Herringbone bail pit
4 min read
The design of the milking bail, pipework, and pit in dairy farming is crucial for the safety and comfort of both cows and workers. This page outlines ways to ensure optimal cow flow and worker efficiency in the milking process. Key aspects include proper angles for milking positions, the use of zig-zag rump rails, specific design considerations for the first bail and pit wall, and guidelines for pit dimensions. By paying attention to these details, you can reduce animal health costs, increase worker safety, and lower injury risks, resulting in a more productive and humane dairy operation.
The design of the milking bail, pipework and pit is an important factor in keeping cows and people safe and ensuring good cow flow.
Benefits of getting it right include decreased animal health costs, increased worker safety and comfort, and decreased injuries.
The angle cows stand on the milking platform at determines how much width each milking position requires.
For optimum cow flow:
Breast rail is too high, disrupting cow flow and preventing cows from rowing up properly.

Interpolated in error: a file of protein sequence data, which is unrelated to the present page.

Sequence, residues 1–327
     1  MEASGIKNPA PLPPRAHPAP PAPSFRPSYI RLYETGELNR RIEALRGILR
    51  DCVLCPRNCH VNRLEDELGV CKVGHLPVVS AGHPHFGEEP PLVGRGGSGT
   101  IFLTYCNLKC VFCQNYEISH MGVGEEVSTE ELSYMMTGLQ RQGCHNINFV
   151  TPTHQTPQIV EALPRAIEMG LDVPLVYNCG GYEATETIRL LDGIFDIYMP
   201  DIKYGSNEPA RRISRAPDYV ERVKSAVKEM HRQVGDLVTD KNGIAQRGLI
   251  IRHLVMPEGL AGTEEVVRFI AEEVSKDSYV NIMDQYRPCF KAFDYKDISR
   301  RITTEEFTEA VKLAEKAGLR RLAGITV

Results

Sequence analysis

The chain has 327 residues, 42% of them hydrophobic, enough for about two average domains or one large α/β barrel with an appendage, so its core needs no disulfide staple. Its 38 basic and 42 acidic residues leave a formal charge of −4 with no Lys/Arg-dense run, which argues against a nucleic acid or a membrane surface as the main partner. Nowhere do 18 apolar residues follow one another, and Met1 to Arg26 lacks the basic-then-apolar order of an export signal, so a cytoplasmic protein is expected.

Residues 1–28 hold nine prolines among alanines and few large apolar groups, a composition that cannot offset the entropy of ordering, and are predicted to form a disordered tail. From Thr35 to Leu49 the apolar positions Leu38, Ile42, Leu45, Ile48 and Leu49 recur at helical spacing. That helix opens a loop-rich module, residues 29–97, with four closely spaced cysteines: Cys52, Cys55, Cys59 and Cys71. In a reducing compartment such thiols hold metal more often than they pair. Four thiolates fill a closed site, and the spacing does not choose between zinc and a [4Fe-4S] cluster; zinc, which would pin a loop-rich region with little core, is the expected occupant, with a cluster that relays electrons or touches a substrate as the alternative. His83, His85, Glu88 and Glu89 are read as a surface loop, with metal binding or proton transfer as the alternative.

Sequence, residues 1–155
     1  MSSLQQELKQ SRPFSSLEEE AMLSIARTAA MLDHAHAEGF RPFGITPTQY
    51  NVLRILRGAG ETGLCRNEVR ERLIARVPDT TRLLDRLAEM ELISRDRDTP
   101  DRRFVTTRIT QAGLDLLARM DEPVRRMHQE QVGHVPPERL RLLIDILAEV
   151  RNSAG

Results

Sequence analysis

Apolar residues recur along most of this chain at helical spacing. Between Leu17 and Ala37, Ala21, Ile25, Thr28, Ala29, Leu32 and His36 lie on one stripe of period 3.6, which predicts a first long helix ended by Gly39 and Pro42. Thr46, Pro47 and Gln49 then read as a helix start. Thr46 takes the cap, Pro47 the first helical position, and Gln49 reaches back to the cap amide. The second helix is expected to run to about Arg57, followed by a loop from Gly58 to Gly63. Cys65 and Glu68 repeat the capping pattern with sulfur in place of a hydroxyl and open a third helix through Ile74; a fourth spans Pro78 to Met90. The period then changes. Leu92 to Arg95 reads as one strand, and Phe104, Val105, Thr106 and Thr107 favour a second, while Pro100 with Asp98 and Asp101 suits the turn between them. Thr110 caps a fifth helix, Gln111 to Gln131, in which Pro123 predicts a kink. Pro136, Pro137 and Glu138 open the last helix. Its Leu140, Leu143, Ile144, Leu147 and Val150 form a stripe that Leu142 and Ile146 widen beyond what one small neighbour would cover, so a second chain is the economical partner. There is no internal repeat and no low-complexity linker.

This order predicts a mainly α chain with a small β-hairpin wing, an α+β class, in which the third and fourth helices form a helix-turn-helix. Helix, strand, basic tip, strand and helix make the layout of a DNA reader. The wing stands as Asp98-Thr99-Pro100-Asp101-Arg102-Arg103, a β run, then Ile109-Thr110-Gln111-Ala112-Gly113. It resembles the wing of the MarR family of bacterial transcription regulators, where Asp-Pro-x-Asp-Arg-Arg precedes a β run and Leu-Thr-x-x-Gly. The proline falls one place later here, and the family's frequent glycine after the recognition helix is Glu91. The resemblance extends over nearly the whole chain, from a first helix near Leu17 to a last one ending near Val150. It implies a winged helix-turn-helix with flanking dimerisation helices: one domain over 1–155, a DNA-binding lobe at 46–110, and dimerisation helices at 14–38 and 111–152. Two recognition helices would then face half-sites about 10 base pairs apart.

Cow spacing on a herringbone platform.
Zig-zag rump rails are a recommended alternative to straight rails and are designed to control the cow’s position and alignment with the cluster. The aim is to produce a faster, more even milking, and better cow flow.
The zig-zag rump rails help by stopping cows getting too close to the pit edge and stepping back into space, which can be a frightening experience for them.
For zig-zag rump rails to work well
A zig-zag rump rail will help cow alignment. Make sure it is in line with the edge of the pit.
Zig-zag rump rails.
The design of the first bail in herringbone dairies has an important effect on cow flow. If uncomfortable, cows will not want to be the first to enter the dairy. It is also the point of exit from the dairy, so needs to be designed to allow an easy exit.
Keep the following points in mind
Uncomfortable first bail, also obstructs exiting.
Key herringbone measurements.
A nib along the edge of the pit stops cows slipping into the pit and is essential with straight rump rails. One slip can make a cow nervous for future milkings. Keep the following points in mind:
If a nib is too high it can interfere with cluster placement.
Cows walking off-centre because no nib installed.
The pit is the area of the dairy where milkers spend most of their time and should be designed for milker comfort, safety and ease of movement.
In general, pits are between 850mm to 1000mm deep.
Pits are generally 1400mm–1800mm wide.
The surface and slope of the pit floor has a big influence on how tired those working in the dairy will feel at the end of milking. The pit floor drainage can be an OSH issue.
Pit dimensions diagram.